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You are here: Home / What we do / Rio+20 / blog posts / Rio+20: FoEI Chair Nnimmo Bassey to meet with UN Secretary-General Ban Ki-moon

Rio+20: FoEI Chair Nnimmo Bassey to meet with UN Secretary-General Ban Ki-moon

On June 22 Friends of the Earth International chair Nnimmo Bassey will meet UN Secretary-General Ban Ki-moon and deliver a civil society statement denouncing the corporate domination of the United Nations.
Rio+20: FoEI Chair Nnimmo Bassey to meet with UN Secretary-General Ban Ki-moon

FoEI Chair Nnimmo Bassey

More than 400 civil society organizations representing millions of people from around the world signed the statement -initiated by Friends of the Earth International and nine other organisations- which will be delivered in the sidelines of the UN Rio+20 Earth Summit.

 

Nnimmo Bassey will meet Ban Ki-moon in a meeting with the organisers of the alternative Peoples Summit in Rio, which include Friends of the Earth International.

 

The statement is part of a Friends of the Earth International campaign 'Reclaim the UN' which features the launch on June 19 of a new report exposing the increasing influence of major corporations and business lobby groups within the UN.

 

The report 'Reclaim the UN from Corporate Capture' presents a number of cases that clearly expose how UN policies and agencies are excessively influenced by the corporate sector, for instance oil company Shell, Dow Chemical, Monsanto, the Coca Cola company, and the Chinese oil giant PetroChina.

 

“Governmental positions have been increasingly hijacked by narrow corporate interests linked to polluting industries and business sectors seeking to profit from the environment, the climate and the financial crises,” said Nnimmo Bassey, chair of Friends of the Earth International.

 

The report shows how this damages the ability of the UN to solve the various problems it is tasked with, removing its willingness to address the role of major corporations in causing many of the environmental, social, food and economic problems that the world faces today.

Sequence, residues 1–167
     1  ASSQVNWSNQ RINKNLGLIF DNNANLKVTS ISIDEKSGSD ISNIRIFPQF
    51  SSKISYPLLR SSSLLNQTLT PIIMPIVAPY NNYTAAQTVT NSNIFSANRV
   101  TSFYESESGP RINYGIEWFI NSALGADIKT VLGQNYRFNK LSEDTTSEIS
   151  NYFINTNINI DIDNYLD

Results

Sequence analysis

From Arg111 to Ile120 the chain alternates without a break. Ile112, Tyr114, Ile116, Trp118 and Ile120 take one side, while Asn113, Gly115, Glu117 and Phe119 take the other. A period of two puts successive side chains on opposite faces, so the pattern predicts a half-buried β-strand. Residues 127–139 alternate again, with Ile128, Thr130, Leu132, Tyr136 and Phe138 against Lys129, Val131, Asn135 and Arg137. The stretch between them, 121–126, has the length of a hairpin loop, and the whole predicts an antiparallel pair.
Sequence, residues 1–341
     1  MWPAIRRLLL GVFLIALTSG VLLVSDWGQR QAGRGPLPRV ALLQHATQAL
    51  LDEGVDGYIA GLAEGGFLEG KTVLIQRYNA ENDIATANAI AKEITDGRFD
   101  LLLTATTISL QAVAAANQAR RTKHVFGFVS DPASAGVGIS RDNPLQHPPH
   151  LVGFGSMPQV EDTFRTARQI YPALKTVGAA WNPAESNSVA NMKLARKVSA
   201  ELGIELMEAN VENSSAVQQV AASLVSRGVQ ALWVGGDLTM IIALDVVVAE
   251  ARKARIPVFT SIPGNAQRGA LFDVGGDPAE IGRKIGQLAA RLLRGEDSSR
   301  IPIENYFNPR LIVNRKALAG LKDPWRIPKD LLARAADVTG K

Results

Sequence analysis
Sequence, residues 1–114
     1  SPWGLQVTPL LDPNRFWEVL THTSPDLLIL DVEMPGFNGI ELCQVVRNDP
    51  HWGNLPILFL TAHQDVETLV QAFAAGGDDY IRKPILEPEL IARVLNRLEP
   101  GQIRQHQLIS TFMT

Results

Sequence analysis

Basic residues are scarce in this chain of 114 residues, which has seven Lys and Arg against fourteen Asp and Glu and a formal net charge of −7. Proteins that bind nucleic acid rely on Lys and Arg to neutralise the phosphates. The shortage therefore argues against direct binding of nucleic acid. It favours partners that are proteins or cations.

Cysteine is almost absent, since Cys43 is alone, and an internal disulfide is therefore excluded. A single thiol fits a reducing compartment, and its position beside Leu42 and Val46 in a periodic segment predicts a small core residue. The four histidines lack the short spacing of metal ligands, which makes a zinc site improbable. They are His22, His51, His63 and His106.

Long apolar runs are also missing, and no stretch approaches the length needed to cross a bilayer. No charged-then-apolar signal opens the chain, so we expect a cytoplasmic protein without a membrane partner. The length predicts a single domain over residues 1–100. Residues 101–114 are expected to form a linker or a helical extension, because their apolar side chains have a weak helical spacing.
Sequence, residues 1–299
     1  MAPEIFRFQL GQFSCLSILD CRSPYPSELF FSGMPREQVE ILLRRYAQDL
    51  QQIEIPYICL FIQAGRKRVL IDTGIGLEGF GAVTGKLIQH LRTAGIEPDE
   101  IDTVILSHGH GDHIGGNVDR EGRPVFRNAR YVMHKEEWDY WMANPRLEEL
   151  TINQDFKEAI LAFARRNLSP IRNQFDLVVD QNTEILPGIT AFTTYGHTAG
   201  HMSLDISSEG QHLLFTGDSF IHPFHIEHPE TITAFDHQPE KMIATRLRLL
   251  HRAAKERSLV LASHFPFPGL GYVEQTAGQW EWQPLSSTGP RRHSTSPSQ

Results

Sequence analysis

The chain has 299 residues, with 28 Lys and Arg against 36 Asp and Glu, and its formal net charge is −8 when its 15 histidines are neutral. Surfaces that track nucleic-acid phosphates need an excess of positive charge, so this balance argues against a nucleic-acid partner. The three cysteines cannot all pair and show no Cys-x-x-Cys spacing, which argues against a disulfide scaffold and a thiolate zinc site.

According to the new report, the positions of national governments in multilateral negotiations are increasingly influenced by business; business representatives dominate certain UN discussion spaces and some UN bodies; business groups are given a privileged advisory role; UN officials move back and forth to the private sector; and – last but not least - UN agencies are increasingly financially dependent on the private sector.

 

The new report also states that the UN has been working very closely with big business in developing and promoting the concept of ‘Green Economy’ which is selling out nature and people, and greenwashing a broken and unfair economic system at the expense of sustainable development.

 

“The fact that the UN is increasingly catering to the demands of corporate interests diverts the UN from tackling the root causes of environmental, social and economic problems. The UN and this Rio+20 Summit should listen to the demands of the alternative Peoples' Summit in Rio and take measures that will hold corporations accountable for their negative impacts,” said Lucia Ortiz, Economic Justice International Program Coordinator at Friends of the Earth International.

 

“The many examples of corporate capture are detrimental to the good work being done by many UN agencies and officials worldwide for the protection and empowerment of people. Allowing this to happen is putting both the UN’s and its member states’ credibility and integrity at risk. In fact this threatens to undermine the mission of the entire UN system and must be stopped, “ said Paul de Clerck, Corporates Campaign Coordinator at Friends of the Earth International.

 

WHAT THE CASE STUDIES SHOW :

  • The Sustainable Energy for All (SE4ALL) initiative is being decided by an unaccountable, handpicked group, dominated by representatives of multinational corporations and fossil fuel interests, virtually without any involvement from or consultation with global civil society. In its current form, SE4All will spectacularly fail in its goal of tackling climate change and poverty.
  • Support for agriculture and food policy appears to be compromised by corporate links at the UN International Fund for Agricultural Development (IFAD). It is promoting technologies that endanger peoples’ rights and access to food.
  • The Convention on Biological Diversity (CBD) is increasingly driven by corporate actors interested in the financialization of nature and not by the need to conserve biodiversity.
  • Private sector interests are increasingly seeking ways to treat water as a tradable commodity while depriving people of their universal right to water and endangering access to water and sanitation for millions of people worldwide.
  • The UN Global Compact allows companies to boost their image by (mis-)using the UN flag for their own benefit, yet fails to deliver real improvements in business behaviour.
  • The UN has been working very closely with big business in developing and promoting the concept of ‘Green Economy’ which is selling out nature and people, and greenwashing a broken and unfair economic system at the expense of sustainable development.

 

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